The widespread adoption of conducted energy devices (CEDs) across American police departments over the last decade has been mired in public controversy. It is generally accepted, from a police perspective, that CEDs are safer for officers who can use the weapon at a greater distance, avoiding much of the harm associated with close physical struggles with citizens. Research has generally supported the notion that aggregate levels of officer injuries are reduced following the implementation of CEDs. Unfortunately, multivariate examinations that, in varying degrees, have attempted to compare CED applications to other forms of force (while controlling for rival causal factors) have yet to produce the same consistent results as the pre- and post-CED adoption studies. The current research adds to recent multivariate inquiries by using data collected as part of a national multiagency use of force project to assess the independent effect of CEDs on officer injuries. Based on a series of multivariate models, our results generally find evidence of increased benefits (i.e., lower probability of officer injury) of CEDs when used by themselves. By contrast, in some instances when CEDs were used in combination with other forms of force, there was an increased probability of officer injury. The implications of these findings for police researchers and practitioners are considered.

Muftić, L. R., Bouffard, L. A., & Bouffard, J. A. (2007). An exploratory analysis of victim precipitation among men and women arrested for intimate partner violence. Feminist Criminology, 2(4), 327–346.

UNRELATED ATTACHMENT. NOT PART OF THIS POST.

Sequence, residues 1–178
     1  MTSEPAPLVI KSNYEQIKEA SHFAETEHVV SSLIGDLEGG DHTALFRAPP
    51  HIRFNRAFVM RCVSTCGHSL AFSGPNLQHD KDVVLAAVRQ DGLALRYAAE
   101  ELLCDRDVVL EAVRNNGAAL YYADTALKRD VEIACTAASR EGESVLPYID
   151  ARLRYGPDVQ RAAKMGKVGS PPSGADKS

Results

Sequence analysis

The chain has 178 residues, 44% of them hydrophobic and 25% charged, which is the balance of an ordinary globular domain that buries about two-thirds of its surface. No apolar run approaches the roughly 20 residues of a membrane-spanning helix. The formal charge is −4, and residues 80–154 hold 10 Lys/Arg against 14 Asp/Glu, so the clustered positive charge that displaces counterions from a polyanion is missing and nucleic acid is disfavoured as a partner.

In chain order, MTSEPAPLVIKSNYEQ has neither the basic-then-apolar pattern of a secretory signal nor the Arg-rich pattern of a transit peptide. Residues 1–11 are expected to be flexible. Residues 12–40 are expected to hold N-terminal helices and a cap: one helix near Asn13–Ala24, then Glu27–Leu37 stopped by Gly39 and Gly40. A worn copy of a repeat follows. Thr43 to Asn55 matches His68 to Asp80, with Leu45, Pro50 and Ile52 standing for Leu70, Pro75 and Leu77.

Intimate partner violence (IPV) is a complex social problem that has produced a wide variety of explanations. However, few studies have explored what, if any, role victim precipitation plays in IPV. Victim precipitation is generally defined as behavior by the victim that initiates the subsequent behavior of the victimizer; however, studies using this concept have often been accused of subtle and overt victim blaming. Distinguishing victim precipitation from victim blaming, this study explores the utility of victim precipitation in understanding contextual differences in men’s and women’s use of violence in intimate relationships and police use of dual arrest in IPV incidents. Results suggest that victim precipitation plays an important role in understanding incidents of IPV, especially in cases involving dual arrest.

White, M. D., Ready, J., Riggs, C., Dawes, D. M., Hinz, A., & Ho, J. D. (2013). An incident-level profile analysis of TASER device deployments in arrest-related deaths. Police Quarterly16, 85–112.